Weekly Word

I spend every Friday with my grandson. Camden, almost 20 months old now, is beginning to use words. I am “Bapa”. Felicia is “Gigi”. “Yum Yum” is lunch. “No bye” means, I pretty much know your opinion, see ya.

His vocabulary is expanding, but Cam has been communicating quite well for some time. If he wants you in a certain place, he simply takes hold of your finger and takes you there. If he pats his hand on a chair or on the floor next to him, then it is clear that he wants you to sit down. If he is amused, he throws his head back and laughs with his whole body.

But sometimes, words fail or are hard to come by. Sometimes, Cam just needs to cry. Those tears almost always lead to some cuddling and some gentle strokes to his forehead, as tender words of comfort are whispered in his ear.

Sometimes, Cam just needs to cry. Sometimes, we all need to cry. Sometimes the only response that makes sense is found in salty tears running down our cheeks. Hopefully, someone is there to cuddle us, to gently stroke our forehead, and to whisper tender words of comfort.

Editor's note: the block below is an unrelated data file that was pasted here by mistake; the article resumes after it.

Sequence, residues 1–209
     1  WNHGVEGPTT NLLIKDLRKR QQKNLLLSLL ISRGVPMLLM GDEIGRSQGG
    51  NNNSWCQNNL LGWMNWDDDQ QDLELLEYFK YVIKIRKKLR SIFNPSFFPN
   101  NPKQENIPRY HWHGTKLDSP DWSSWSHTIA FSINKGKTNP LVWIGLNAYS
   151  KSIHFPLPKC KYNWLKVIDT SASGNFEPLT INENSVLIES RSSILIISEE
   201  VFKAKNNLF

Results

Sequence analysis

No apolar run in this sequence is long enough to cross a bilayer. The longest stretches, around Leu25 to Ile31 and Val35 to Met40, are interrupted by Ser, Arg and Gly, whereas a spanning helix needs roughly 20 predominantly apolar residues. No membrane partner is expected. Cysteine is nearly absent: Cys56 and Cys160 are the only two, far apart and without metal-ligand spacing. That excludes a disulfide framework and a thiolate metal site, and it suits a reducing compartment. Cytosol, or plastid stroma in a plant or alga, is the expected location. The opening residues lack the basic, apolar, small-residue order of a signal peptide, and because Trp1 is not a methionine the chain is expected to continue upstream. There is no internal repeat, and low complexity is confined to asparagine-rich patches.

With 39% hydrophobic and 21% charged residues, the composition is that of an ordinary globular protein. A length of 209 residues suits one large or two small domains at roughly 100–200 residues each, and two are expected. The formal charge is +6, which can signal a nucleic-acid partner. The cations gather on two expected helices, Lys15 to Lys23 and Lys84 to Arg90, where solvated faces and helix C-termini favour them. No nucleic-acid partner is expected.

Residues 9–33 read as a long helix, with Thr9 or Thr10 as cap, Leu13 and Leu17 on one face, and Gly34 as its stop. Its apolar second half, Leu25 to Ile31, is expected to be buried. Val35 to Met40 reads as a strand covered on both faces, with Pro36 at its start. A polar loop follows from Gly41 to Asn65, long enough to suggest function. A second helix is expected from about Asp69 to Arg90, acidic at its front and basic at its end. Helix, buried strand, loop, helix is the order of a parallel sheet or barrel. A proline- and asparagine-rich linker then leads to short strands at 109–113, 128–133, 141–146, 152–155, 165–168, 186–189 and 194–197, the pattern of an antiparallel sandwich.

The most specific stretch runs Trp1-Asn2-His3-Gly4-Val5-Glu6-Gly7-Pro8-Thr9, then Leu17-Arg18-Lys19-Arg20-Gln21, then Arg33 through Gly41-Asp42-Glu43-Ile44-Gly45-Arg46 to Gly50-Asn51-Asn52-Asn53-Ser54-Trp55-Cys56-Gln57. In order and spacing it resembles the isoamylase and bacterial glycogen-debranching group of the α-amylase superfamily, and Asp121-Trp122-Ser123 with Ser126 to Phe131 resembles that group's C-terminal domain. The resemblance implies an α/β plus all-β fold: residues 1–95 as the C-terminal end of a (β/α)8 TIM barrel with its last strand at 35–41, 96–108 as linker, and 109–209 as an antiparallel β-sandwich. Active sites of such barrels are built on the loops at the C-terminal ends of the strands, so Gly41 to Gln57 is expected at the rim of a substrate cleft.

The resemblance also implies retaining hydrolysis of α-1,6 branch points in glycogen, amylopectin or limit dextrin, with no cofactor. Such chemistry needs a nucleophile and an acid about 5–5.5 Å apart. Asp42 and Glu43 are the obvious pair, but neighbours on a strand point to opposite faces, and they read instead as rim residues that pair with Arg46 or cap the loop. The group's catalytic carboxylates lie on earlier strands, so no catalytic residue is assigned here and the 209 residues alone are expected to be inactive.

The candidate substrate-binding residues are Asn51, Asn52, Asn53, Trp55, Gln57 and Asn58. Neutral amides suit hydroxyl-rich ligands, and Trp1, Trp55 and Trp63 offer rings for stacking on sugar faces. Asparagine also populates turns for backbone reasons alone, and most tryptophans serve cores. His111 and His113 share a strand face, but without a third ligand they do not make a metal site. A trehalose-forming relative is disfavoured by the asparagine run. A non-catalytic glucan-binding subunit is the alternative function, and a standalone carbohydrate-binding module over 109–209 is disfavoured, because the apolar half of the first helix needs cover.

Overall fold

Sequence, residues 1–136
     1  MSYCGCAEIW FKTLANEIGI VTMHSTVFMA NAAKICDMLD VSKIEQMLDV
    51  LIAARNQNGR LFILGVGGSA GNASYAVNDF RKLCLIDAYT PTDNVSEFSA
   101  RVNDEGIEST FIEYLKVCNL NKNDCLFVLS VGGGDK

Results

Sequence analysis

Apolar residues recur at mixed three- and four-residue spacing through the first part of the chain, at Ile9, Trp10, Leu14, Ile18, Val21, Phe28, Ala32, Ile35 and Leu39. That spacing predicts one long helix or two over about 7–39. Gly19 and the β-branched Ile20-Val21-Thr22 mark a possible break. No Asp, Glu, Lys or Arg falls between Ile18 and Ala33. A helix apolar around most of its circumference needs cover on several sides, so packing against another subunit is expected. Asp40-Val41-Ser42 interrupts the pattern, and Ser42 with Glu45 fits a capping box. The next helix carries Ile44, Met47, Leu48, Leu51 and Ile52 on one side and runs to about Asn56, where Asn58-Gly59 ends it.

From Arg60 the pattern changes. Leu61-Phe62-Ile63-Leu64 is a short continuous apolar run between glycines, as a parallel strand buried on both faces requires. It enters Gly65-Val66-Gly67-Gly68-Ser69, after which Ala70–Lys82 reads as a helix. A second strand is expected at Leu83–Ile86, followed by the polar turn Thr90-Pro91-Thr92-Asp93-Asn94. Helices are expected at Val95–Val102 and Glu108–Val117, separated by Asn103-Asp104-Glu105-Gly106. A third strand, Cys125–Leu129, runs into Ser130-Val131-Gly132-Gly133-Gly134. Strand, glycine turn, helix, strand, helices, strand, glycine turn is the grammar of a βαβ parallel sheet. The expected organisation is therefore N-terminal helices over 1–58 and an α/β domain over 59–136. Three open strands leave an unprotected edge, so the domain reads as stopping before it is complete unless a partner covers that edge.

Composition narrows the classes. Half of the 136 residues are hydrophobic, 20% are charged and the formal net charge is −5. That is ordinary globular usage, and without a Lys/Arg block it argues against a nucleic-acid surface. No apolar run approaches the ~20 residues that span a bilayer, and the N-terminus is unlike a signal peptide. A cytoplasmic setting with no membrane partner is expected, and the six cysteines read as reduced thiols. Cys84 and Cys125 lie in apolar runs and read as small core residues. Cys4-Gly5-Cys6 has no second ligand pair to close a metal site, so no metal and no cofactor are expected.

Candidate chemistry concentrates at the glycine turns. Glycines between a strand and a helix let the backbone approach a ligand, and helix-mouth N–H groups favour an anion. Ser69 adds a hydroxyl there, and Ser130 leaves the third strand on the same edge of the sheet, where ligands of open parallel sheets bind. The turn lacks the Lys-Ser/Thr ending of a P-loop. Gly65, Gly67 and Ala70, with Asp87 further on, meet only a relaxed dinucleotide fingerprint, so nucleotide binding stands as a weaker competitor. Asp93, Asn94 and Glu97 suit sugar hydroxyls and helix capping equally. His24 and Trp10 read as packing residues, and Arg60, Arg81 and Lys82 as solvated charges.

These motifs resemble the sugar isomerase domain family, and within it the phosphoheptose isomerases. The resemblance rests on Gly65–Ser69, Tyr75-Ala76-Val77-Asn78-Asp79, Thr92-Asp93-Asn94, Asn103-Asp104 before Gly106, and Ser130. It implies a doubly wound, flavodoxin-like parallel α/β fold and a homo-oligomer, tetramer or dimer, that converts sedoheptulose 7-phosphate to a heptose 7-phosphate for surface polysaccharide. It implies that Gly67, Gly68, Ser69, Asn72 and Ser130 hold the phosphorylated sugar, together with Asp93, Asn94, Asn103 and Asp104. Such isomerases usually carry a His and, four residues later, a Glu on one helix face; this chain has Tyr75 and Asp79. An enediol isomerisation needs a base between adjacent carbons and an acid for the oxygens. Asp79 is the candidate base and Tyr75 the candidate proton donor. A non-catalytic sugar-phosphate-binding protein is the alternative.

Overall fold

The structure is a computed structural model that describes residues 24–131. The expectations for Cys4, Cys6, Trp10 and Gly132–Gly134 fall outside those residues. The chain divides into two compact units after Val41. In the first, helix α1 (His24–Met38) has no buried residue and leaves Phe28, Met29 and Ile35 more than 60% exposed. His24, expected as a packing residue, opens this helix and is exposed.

To be human is to cry. Computers don’t cry. Witches don’t cry. Jesus wept, and we can’t help but weep. We weep with families in Florida who bury their hopes and dreams as they bury their children. We weep with refugees and those caught in civil or ethnic wars that seem never to end.

We stand at graveside, weeping with new widows and widowers. We weep because we are afraid of dying or afraid of living. We weep because there are no words that will take the place of those salty tears running down our checks.

Billy Graham was 99 years old when he died last week. In an interview the great preacher was asked what surprised him the most about the journey of life and he said, “its brevity.” Coming to grips with our own mortality is sobering to say the least.

I find myself crying more easily these days. Perhaps it is the cumulative grief of a thousand gravesides, perhaps it is the reality that the days are short, and it is the Autumn of the year. Tears come more unexpectedly, tears of joy and tears of sorrow.

I spend every Friday with my Grandson. Cam cannot take care of himself, and he does not like to be alone. May we more fully understand our humanity, the truth is, we cannot take care of ourselves, and God did not create us to be alone.

“But Esau ran to meet his brother Jacob and embraced him, and fell on his neck, and kissed him, and they wept.” Genesis 33:4

So, let us dry each other’s tears, hold each other close, and whisper words of comfort. Life is too short to do anything else.

My love to you,

Pastor Jim